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Unix

Submission + - Open Sound System (OSS4) goes GPLv2->

mrcgran writes: "The Open Sound System (OSS) is one of the first sound systems for Linux, predating ALSA, but in the last 10 years it's stalled in version 3.8 (the last public GPL version) and it's being replaced by ALSA as the sound system of choice in Linux. ALSA is a Linux-only solution, while OSS works in a range of Unixes as well, and both have advantages and disadvantages over the other. Now, OSS4 is out under a GPLv2 license, with a number of advanced features over ALSA, like its new dynamic VMIXing capabilities, low-latency kernel modules, simple API and many other features. This release seems to be important enough to shake the foundations of the current desktop sound systems, specially in Linux."
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Graphics

Submission + - Ready for a virtual beer?

Roland Piquepaille writes: "If you're attending SIGGRAPH 2007 next week in San Diego, don't miss a demonstration done by Australian and South Korean researchers. They will pour virtual beer during the conference. They say that 'the physics of bubble creation in carbonated drinks like beer is complex,' but add that their fluid special effects software was able to capture this complexity. Moreover, through what they call smoothed particle hydrodynamics (SPH), their software 'uses less computer power and takes less time to get better results than other special effects software it has been benchmarked against.' Now the researchers want to sell their approach to Hollywood studios. But read more for many additional references and images showing a simulation of pouring of ale and stout into a beer mug."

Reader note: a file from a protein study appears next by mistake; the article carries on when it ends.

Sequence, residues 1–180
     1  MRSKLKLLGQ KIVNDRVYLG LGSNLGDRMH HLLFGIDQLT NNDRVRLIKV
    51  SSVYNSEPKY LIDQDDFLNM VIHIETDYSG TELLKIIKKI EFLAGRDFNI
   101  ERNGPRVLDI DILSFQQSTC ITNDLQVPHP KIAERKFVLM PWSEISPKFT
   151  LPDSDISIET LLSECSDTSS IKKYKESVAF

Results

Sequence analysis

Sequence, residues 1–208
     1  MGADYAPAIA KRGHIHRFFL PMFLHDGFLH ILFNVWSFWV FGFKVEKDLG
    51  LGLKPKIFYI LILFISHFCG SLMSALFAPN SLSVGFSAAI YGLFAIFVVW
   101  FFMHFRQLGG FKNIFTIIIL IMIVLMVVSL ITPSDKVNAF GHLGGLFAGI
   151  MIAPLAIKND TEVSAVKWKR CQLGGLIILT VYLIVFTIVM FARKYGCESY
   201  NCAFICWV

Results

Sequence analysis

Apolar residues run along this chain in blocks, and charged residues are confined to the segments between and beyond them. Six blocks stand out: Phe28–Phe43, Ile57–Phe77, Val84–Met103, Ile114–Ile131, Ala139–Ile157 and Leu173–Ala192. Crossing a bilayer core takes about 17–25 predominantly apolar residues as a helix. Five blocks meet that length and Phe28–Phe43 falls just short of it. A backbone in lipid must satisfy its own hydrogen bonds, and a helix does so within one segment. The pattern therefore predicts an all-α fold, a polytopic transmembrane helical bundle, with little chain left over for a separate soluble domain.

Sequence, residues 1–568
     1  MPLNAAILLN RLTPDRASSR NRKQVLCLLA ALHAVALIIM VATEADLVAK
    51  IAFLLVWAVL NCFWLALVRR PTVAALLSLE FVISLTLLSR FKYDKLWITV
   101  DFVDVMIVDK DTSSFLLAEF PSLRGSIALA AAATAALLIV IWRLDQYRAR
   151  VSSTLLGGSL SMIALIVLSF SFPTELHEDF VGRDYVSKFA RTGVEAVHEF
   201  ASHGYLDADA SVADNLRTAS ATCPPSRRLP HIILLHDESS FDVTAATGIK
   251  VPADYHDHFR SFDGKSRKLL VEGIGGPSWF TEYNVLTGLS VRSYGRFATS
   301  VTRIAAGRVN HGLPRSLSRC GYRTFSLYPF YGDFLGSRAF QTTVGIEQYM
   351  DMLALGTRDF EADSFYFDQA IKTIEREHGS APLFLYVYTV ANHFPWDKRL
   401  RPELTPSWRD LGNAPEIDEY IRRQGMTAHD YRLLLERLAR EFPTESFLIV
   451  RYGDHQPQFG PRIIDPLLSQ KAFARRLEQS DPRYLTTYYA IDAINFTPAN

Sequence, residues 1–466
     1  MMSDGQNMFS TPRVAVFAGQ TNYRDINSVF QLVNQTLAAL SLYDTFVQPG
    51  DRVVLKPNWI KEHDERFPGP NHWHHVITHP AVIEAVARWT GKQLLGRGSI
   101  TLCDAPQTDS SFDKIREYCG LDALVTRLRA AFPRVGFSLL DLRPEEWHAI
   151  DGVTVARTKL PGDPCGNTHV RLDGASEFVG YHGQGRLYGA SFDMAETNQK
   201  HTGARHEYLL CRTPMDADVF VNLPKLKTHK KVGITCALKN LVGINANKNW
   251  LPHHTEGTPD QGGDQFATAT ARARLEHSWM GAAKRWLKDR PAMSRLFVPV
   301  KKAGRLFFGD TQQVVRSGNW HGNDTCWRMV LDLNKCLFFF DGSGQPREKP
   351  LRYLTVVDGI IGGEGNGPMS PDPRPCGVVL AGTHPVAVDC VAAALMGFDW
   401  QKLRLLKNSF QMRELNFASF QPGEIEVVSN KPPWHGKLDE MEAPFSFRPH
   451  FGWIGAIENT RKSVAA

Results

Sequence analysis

Space

Submission + - Galileo Galileo-> 1

penisvaginapenisvagi writes: "He's just a poor boy from a poor family:
"Queen guitarist Brian May has handed in his astronomy PhD thesis — 36 years after abandoning it to join the band. May recently carried out observational work in Tenerife, where he studied the formation of 'zodiacal dust clouds'."
"The guitarist is scheduled to discuss his thesis with the examining board on 23 August, his spokesman said. The results should be known some time shortly after that date. 'If I fail I will fail big time,' May said. 'It will be a very public failure with all this press.'""

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Mozilla

Submission + - Mozilla to give away own security testing tools->

srikas writes: "Mozilla Corp. will release some of its homegrown security tools to the open-source community, the company's head of security said Wednesday, starting with a "fuzzer" it uses to pin down JavaScript bugs in Firefox. http://www.computerworld.com/action/article.do?com mand=viewArticleBasic&articleId=9028720&intsrc=new s_ts_head"
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Censorship

Submission + - Senate Committee Votes to Expand TV Ratings Techno->

UltraAyla writes: "WIRED is reporting that the Senate Commerce Committee voted on Thursday to advance the Child Safe Viewing Act to the Senate floor. From the article:

The Federal Communications Commission shall consider advanced blocking technologies that — 1. may be appropriate across a wide variety of distribution platforms, including wired, wireless, and Internet platforms; 2. may be appropriate across a wide variety of devices capable of transmitting or receiving video or audio programming


The article points out that "it's not clear how any filtering technology could work with the explosion of video-sharing sites like YouTube, the amount of content that isn't created by American companies.""

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It was kinda like stuffing the wrong card in a computer, when you're stickin' those artificial stimulants in your arm. -- Dion, noted computer scientist